Φk(u(x))splits into two irreducible factors, so the other has degree(a−1)ϕ(k).

The irreducible factor of degree(a−1)ϕ(k)has some special property.

Proposition 1. For a fixedk, ifΦk(u(x))splits into two irreducible factors, then

there is an irreducible factorr(x)such that2·degu(x)≤degr(x)iffϕ(k)≥4.

Proof. AssumeΦk(u(x)) =r1(x)r2(x),degr1(x) =a1ϕ(k),degr2(x) =a2ϕ(k),

wherea1+a2 =aanda1 ≥ a2. Ifa1ϕ(k) ≥2a, thena1ϕ(k) ≥2(a1+a2). It

follows thatϕ(k)≥ 2a2

a1 + 2. Since0<

a2

a1 ≤1and2|ϕ(k), we haveϕ(k)≥4.

Ifϕ(k)≥4, thena1ϕ(k)≥4a1. Sincea1 ≥a2,a1≥ a_{2}. Soa1ϕ(k)≥4a1 ≥
4·a

2 = 2a.

Using PARI[14], we have following examples.

Example 1. k = 15, u(x) = x7 −7x6 + 20x5 −29x4 + 20x3 −2x2 −4x,

Φ15(u(x)) = (x8−9x7+ 35x6−76x5+ 99x4−76x3+ 30x2−4x+ 1)(x48− 47x47+1074x46+· · ·+8x+1),ϕ(15) = 8,a= 7,(a−1)ϕ(15) = (7−1)·8 = 48

Example 2. k= 8,u(x) =x3,Φ8(u(x)) = (x4+ 1)(x8−x4+ 1).

Example 3. k = 10, u(x) = 600_{541}x7 + 1305_{541}x6 + 4496_{541}x5+ 6895_{541}x4+ 11280_{541} x3 +
8515

541x

2_{+}1034
541x−

1651

541 ,Φ10(u(x)) = 1 85662167761(x

8_{+ 2x}7_{+}_{· · · −}_{4x}_{+ 1)}

According to Proposition 1, if ϕ(k) ≥ 4 then degr(x) = (a−1)ϕ(k) >
2a = 2·degu(x). This provides important information for constructing
pairing-friendly curves. If some√−D ∈ _{Q}[x]/(r(x)), Brezing-Weng’s method can be
used to generating curve with such property. Otherwise we can take Scott-Barreto’s
approach [7, 11].

Before discussingAteipairing, we introduce some properties aboutu(x)and

uc(x)≡u(x)c (modr(x))where1< c < k.

The following lemma extends the result of Galbraith, McKee and Valenc¸a [9].

Lemma 1. Letζkbe a primitivek-th root of unity andQ(ζk)thek-th cyclotomic

field. ThenΦk(u(x))splits whereu(x)∈Q[x]iff there exists an finite extensionE

of_{Q}such thatζk∈Eandu(x) =ζkhas a solution inE.

Proof. See [15].

Lemma 2. IfΦk(u(x)) is reducible and has r(x) as an irreducible factor, then

Φ k

(c,k)(uc(x))

is also reducible where1< c < kanduc(x)≡u(x)c (modr(x)).

r(x)is a common factor forΦ k

(c,k)(uc(x))

.

Proof. Letθbe a root for the equationu(x) = ζkandr(θ) = 0, thenu(θ)c =ζ_{k}c

is a _{(}_{c,k}k_{)}-th primitive root of unity(i.e. u(θ)c =ζ k

(c,k)). Henceu(x)

c _{=} _{ζ}

k

(c,k) has

a solutionθ, according to Lemma 1,Φ k

(c,k)(u(x)

c_{)}_{splits. Since}_{Φ}

k

(c,k)(u(θ)

c_{) = 0}

and r(x) is irreducible, we have r(x)|Φ k

(c,k)

(u(x)c). From the assumption we
know thatu(x)c _{=}_{f}_{(x)r(x) +}_{u}

c(x), henceuc(θ) =ζ k

(c,k). By the same reason

mentioned above, we can draw the conclusion.

Let S denote the set {u_{c}(x) ≡ u(x)c (mod r(x)),gcd(c, k) = 1}. These
are thek-th primitive root of unity modulo r(x). They form a group. There is
someumin(x) ∈ S has minimal degree. Given uc ∈ S, there exists s ∈ Z+

such thatuc(x) ≡umin(x)s (modr(x)). Ifu(x) ≡umin(x)c (modr(x)), then

degu(x)≥umin(x). By lemma 2,r(x)|Φk(umin(x)). So if we useumin(x)and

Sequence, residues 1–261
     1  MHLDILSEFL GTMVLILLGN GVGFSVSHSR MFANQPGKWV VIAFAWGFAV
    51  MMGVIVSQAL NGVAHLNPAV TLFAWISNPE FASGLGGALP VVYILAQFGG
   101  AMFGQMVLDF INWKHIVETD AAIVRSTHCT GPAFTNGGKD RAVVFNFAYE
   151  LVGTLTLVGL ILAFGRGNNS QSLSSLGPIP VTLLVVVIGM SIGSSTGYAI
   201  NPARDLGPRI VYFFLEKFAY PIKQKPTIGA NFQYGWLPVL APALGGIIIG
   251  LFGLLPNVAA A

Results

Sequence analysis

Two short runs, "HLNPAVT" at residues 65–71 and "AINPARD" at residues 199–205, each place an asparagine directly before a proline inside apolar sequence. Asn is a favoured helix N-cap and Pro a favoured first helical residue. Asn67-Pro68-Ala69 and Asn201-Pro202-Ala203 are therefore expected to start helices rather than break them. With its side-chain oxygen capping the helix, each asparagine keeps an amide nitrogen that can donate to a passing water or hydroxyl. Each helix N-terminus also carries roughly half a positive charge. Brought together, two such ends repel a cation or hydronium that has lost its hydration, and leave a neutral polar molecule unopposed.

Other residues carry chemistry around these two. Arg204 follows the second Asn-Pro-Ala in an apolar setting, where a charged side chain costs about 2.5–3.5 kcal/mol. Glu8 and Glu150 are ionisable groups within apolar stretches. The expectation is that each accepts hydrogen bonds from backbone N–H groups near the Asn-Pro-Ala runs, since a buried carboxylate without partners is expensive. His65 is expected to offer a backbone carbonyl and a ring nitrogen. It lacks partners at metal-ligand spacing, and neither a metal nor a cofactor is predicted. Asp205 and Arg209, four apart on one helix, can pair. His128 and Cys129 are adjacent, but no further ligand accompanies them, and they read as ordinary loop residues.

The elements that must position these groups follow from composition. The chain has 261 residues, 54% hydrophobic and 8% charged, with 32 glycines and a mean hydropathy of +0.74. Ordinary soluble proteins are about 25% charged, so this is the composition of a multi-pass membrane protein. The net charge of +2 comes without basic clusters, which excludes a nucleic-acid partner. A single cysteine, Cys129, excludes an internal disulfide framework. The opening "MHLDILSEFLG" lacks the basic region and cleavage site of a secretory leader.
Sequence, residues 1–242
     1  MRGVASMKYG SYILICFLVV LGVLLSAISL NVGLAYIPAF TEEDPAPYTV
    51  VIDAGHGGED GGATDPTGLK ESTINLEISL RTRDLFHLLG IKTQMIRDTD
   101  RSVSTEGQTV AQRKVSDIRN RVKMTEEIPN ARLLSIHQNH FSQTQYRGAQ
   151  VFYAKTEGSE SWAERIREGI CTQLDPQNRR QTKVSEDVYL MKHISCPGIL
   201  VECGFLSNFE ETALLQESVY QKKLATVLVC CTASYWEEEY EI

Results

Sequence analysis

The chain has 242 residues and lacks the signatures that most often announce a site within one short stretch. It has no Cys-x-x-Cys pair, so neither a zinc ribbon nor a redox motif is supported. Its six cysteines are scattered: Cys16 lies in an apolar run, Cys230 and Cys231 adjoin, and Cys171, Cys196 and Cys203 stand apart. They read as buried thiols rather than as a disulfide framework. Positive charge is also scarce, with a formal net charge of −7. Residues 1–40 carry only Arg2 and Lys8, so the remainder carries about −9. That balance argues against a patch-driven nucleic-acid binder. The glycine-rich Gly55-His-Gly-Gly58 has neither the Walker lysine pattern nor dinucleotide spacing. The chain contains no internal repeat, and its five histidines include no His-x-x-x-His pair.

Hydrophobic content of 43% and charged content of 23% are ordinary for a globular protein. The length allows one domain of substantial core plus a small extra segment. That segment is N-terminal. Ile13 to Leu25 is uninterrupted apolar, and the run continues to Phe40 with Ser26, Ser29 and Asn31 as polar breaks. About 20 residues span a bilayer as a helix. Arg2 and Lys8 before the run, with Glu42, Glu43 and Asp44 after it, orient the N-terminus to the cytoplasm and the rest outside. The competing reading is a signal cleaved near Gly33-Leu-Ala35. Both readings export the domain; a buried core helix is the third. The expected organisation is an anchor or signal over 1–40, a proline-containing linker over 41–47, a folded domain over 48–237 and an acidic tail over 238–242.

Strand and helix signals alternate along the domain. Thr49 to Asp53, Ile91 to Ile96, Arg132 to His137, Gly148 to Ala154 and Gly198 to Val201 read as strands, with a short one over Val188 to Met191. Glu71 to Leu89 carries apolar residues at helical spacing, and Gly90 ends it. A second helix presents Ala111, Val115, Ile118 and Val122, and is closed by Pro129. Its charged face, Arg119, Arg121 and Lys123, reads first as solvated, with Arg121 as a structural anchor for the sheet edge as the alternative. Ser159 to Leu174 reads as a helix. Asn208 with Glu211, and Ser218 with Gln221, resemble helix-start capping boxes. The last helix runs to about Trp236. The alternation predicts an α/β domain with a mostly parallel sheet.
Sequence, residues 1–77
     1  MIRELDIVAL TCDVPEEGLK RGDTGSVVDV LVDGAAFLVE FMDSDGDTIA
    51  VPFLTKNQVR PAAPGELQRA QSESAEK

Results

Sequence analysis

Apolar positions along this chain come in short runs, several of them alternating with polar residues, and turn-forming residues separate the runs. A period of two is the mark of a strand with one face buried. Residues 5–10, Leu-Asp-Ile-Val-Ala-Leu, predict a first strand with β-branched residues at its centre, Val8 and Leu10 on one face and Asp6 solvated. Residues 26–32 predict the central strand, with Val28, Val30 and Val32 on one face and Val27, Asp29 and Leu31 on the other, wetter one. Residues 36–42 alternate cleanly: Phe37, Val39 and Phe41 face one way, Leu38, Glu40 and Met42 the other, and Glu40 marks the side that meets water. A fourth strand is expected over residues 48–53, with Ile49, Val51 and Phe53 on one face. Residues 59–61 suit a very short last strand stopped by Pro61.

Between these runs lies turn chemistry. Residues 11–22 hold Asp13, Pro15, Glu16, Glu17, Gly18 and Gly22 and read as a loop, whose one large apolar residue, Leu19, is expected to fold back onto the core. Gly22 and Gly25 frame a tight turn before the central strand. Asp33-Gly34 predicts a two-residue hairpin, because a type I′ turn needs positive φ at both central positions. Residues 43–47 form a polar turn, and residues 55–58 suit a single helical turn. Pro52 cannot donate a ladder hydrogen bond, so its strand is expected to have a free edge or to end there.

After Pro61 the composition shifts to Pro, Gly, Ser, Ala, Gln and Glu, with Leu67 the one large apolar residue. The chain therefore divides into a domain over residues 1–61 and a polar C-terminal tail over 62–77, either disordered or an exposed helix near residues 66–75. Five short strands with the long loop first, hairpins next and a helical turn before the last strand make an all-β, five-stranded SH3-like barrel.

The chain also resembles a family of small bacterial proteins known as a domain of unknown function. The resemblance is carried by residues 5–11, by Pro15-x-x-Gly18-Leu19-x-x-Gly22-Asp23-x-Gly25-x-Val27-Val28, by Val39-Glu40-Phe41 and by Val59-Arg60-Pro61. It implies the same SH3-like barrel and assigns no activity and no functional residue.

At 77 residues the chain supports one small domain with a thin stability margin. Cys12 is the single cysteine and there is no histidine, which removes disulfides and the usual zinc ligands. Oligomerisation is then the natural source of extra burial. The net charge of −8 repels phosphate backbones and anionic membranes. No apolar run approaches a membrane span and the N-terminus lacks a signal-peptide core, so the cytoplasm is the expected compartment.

r(x)as curve’s generation parameters, we gain no advantages in usingAteipairing

whenkis prime.

Example 4. k= 8,u(x) = 2_{3}x3+1_{3}x2+x−5

3, andr(x) = 16x

8_{+ 32x}7_{+ 88x}6_{−}

8x5−31x4−308x3−16x2−44x+ 353, letc= 3,5,7such thatgcd(c,k) = 1,
thenu3(x) = 2_{9}x7 + 1_{9}x6+ 11_{18}x5 − 29_{36}x4+ 2_{3}x3− 14_{9}x2 + 25_{18}x− 49_{36}, u5(x) =
−2

3x
3_{−}1

3x

2_{−x+}5

3,u7(x) =− 2 9x

7_{−}1
9x

6_{−}11
18x

5_{+}29
36x

4_{−}2
3x

3_{+}14
9x

2_{−}25
18x+

49 36.

Example 5. k = 5, ifu(x) = 600_{541}x7− 1305_{541}x6 +4496_{541}x5− 6895_{541}x4+ 11280_{541} x3−
8515

541x

2 _{+}1034
541x+

1651

541, thenΦ5(u(x)) = 1

85662167761r1(x)r2(x) wherer1(x) =
x8_{−2x}7_{+7x}6_{−10x}5_{+16x}4_{−10x}3_{−2x}2_{+4x+1}_{and}_{r}

Theorem 2. Suppose4|kor the minimal prime which divideskis larger than2,
ifΦk(u(x)) = r1(x)r2(x) anddegr1(x) ≥ degr2(x), then there does not exist
uc(x)≡u(x)c (modr1(x)), wheregcd(c, k) 6= 1,1< c < kandc6= ϕ(_{2}k) such

thatdeguc(x)<degu(x).

Proof. Letk=pl1

1 · · ·plmmwherep1 < p2· · ·< pm,uc(x)≡u(x)c (modr1(x)), deguc(x) =banddegr1(x) =a1ϕ(k), then the degree ofΦ k

(c,k)(uc(x))isbϕ(

k

(c,k)).

By Lemma 2,Φ k

(c,k)(uc(x)) is factorable and has r1(x) as an irreducible factor.

Hence we havebϕ(_{(}_{c,k}k_{)}) > a1ϕ(k)(i.e. b > _{ϕ}a_{(}1ϕk(k)

(c,k))

). Whengcd(c, k) 6= 1, the

maximal value forϕ(_{(}_{c,k}k_{)})is _{p}ϕ(k)

1−1 if l1 = 1or

ϕ(k)

p1 if l1 > 1. Ifa > b where
a = degu(x), it follows thata1 < _{p}a_{1} ora1 < _{p}_{1}a_{−}_{1}. Since 4|k or the minimal

prime which divideskis larger than2, we havea1 < a_{2}. Buta1 ≥ a_{2}, a

contradic-tion. Sodeguc(x)≥degu(x).

Example 6. Letk= 8,u(x) = _{280}3 x7+_{140}19x5+_{140}99x3+26_{35}x, we haveΦ8(u(x)) =
1

6146560000r1(x)r2(x) where r1 = x8 + 12x6 + 56x4 + 72x2 + 100 andr2 = 81x20+ 3132x18+· · · −44255232x2+ 61465600, we selectr(x) =r2(x), when c= 2,6we havedegu2(x) = 14,degu6(x) = 14.

Hence ifumin(x)∈ {us(x)≡u(x)s (modr(x)),1< s < k,gcd(s,k) = 1}

such thatumin(x)has minimal degree, by Theorem 2, deguc(x) ≥ degumin(x)

for alluc(x) ≡ u(x)c (mod r(x)),1 < c < k. Hence curves that have such

property should be avoided inAteipairing.

Proposition 2. If the irreducible factors ofΦk(u(x))are used to generate

pairing-friendly curves, then the Miller loop length ofAteipairing can not reach the bound

logr ϕ(k).

Proof. Supposer(x) is an irreducible factor ofΦk(u(x))anddegr(x) = aϕ(k),

by Lemma 2,r(x)|Φ k

(c,k)(uc(x))whereuc

≡u(x)c (modr(x)). Letdeguc(x) =

b, if the Miller loop length ofAtei pairing is _{ϕ}log_{(}_{k}r_{)}, thenb = a, which means that

degΦ k

(c,k)

(uc(x)) =a·ϕ(_{(}_{c,k}k_{)}). Sincer(x)is irreducible factor ofΦ k

(c,k)

(uc(x)),

thendegr(x) =a·ϕ(k)<degΦ k

(c,k)(uc(x)) =a

·ϕ(_{(}_{c,k}k_{)}), a contradiction.